cockfight." In other words, the authority of the anthropologist to portray
the world of others is contingent on dialogue and engagement with the
particular, rather than on distance and generalization.
This issue is central to an understanding of how accounts of the sociolegal world are produced. As Rosaldo has noted, "[t]he ethnographer, as
a positioned subject, can grasp certain ethnographic phenomena better
than others ....

Consider for example, how age, gender, being an out-

sider, and association with a neocolonial regime can influence what one
learns." ' 59 At the same time, Rosaldo describes "routine interpretive procedure" as a methodology in which "ethnographers reposition themselves
as they go about understanding other cultures. One begins with a set of
questions and subsequently revises them in the course of inquiry. Thus,
ethnographers emerge from fieldwork with a different set of questions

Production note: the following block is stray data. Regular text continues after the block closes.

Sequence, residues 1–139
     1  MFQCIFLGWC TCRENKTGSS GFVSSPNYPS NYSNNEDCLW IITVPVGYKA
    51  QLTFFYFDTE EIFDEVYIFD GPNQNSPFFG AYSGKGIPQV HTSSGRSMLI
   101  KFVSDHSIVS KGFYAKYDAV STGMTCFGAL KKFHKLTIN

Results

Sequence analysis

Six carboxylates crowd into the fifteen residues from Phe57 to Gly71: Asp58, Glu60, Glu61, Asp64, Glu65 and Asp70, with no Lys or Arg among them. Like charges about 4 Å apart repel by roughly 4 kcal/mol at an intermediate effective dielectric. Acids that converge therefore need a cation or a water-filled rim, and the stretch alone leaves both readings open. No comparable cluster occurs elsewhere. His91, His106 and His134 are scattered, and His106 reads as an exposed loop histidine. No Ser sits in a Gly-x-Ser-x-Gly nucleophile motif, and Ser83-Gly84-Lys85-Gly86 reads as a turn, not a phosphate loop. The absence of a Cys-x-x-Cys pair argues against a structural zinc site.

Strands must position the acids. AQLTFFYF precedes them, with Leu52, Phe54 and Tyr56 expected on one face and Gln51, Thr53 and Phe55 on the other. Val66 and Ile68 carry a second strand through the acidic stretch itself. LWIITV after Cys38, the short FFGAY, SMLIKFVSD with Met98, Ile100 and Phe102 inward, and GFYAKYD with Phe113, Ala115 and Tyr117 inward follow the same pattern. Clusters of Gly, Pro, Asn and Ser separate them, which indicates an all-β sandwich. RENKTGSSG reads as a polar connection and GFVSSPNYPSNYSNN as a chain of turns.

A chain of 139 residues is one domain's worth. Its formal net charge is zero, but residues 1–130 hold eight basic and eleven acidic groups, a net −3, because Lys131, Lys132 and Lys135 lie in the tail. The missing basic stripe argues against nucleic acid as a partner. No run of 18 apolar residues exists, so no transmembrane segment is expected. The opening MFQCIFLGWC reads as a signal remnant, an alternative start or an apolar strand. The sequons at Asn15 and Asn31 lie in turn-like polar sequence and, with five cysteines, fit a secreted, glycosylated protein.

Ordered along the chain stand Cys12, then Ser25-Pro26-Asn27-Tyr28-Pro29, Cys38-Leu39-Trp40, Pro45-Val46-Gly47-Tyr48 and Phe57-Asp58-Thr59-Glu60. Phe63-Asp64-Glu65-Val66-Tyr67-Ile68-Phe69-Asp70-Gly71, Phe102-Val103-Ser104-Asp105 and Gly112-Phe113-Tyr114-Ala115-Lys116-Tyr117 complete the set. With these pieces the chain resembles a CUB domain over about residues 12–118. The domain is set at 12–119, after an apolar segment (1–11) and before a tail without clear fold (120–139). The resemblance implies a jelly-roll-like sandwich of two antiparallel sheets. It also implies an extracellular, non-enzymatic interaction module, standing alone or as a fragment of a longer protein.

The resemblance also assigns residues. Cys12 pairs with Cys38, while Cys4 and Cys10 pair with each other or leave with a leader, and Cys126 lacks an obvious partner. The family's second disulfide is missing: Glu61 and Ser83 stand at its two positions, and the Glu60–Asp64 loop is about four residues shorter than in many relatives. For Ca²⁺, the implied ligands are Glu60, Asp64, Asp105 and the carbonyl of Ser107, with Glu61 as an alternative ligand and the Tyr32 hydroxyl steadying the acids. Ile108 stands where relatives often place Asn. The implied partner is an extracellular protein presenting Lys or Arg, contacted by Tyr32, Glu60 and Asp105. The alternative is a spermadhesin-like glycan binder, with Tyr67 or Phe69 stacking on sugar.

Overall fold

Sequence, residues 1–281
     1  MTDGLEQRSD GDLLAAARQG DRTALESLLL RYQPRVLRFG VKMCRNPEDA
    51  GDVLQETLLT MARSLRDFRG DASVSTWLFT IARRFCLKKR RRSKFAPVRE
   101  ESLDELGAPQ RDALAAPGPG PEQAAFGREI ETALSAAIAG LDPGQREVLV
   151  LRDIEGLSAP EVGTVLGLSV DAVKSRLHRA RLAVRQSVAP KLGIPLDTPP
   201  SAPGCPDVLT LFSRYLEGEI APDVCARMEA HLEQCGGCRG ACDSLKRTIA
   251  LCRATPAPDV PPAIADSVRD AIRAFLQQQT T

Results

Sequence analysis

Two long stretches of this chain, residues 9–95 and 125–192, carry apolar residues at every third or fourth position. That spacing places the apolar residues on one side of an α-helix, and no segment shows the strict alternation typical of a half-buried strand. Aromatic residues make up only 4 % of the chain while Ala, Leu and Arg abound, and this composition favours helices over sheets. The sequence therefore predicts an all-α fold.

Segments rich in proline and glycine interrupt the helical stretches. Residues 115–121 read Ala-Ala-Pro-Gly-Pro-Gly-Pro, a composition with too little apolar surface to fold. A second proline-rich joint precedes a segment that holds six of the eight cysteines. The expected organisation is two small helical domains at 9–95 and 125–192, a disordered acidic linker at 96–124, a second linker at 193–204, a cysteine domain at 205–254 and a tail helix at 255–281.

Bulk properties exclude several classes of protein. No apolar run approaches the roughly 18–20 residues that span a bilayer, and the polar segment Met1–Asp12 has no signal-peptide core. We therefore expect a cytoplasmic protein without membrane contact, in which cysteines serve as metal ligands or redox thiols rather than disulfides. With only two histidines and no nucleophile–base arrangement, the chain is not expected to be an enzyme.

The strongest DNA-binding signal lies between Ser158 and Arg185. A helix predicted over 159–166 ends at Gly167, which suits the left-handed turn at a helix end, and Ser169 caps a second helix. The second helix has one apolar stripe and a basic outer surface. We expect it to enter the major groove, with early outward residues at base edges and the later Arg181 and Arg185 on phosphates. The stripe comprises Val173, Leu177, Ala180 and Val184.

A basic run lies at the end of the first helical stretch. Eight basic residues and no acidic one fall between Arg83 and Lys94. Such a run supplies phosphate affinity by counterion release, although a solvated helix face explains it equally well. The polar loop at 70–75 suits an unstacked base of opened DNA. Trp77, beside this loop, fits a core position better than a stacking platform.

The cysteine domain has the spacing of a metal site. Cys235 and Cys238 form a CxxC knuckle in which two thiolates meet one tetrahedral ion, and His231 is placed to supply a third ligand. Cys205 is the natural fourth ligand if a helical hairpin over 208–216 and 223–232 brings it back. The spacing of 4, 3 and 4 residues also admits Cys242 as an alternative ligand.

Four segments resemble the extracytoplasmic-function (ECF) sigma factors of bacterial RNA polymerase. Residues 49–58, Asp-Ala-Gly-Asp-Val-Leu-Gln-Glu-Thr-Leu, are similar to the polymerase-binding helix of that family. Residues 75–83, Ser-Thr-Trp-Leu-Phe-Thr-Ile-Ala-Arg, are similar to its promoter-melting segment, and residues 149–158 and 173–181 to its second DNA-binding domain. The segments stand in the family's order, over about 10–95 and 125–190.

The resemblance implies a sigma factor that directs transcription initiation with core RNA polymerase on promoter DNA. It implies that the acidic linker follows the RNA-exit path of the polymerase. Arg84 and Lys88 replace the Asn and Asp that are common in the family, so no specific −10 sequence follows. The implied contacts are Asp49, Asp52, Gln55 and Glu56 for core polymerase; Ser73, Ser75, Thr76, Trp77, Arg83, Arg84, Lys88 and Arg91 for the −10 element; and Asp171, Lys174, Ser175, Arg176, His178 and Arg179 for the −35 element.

than those they posed on initial entry." 60 There are limits, however, to
"repositioning" and thus analyses "always are incomplete." 61
The tension between distance, inherent in the anthropologist's "objective situation" as outsider, 62 and the engagement necessary for repositioning has been fundamental to the methodology of participant
observation from its earliest practice in the work of ethnographers such as
Malinowski, Radcliffe-Brown, and Mead, 63 and undermines claims that
ethnography and natural science have a similar methodological stance.
This same tension between distance and engagement is built into all ethnographic studies of law, and is explicitly acknowledged in works as diverse as
56. Id. at 104.